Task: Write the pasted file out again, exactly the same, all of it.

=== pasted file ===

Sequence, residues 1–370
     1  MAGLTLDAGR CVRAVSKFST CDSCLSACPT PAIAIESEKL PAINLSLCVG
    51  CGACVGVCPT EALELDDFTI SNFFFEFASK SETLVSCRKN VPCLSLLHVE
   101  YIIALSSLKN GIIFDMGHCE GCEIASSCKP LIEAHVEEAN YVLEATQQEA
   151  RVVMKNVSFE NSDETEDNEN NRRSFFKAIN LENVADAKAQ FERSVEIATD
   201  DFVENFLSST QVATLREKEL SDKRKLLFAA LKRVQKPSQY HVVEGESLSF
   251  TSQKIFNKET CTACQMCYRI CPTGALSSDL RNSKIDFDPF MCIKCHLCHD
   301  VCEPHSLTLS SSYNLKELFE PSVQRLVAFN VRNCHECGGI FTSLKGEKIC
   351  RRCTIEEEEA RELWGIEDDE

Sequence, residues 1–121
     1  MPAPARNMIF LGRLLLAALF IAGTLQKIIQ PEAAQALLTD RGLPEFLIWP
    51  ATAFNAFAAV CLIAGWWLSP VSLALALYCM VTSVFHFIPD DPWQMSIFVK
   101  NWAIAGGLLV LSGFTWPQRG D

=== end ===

Sequence, residues 1–370
     1  MAGLTLDAGR CVRAVSKFST CDSCLSACPT PAIAIESEKL PAINLSLCVG
    51  CGACVGVCPT EALELDDFTI SNFFFEFASK SETLVSCRKN VPCLSLLHVE
   101  YIIALSSLKN GIIFDMGHCE GCEIASSCKP LIEAHVEEAN YVLEATQQEA
   151  RVVMKNVSFE NSDETEDNEN NRRSFFKAIN LENVADAKAQ FERSVEIATD
   201  DFVENFLSST QVATLREKEL SDKRKLLFAA LKRVQKPSQY HVVEGESLSF
   251  TSQKIFNKET CTACQMCYRI CPTGALSSDL RNSKIDFDPF MCIKCHLCHD
   301  VCEPHSLTLS SSYNLKELFE PSVQRLVAFN VRNCHECGGI FTSLKGEKIC
   351  RRCTIEEEEA RELWGIEDDE

Sequence, residues 1–121
     1  MPAPARNMIF LGRLLLAALF IAGTLQKIIQ PEAAQALLTD RGLPEFLIWP
    51  ATAFNAFAAV CLIAGWWLSP VSLALALYCM VTSVFHFIPD DPWQMSIFVK
   101  NWAIAGGLLV LSGFTWPQRG D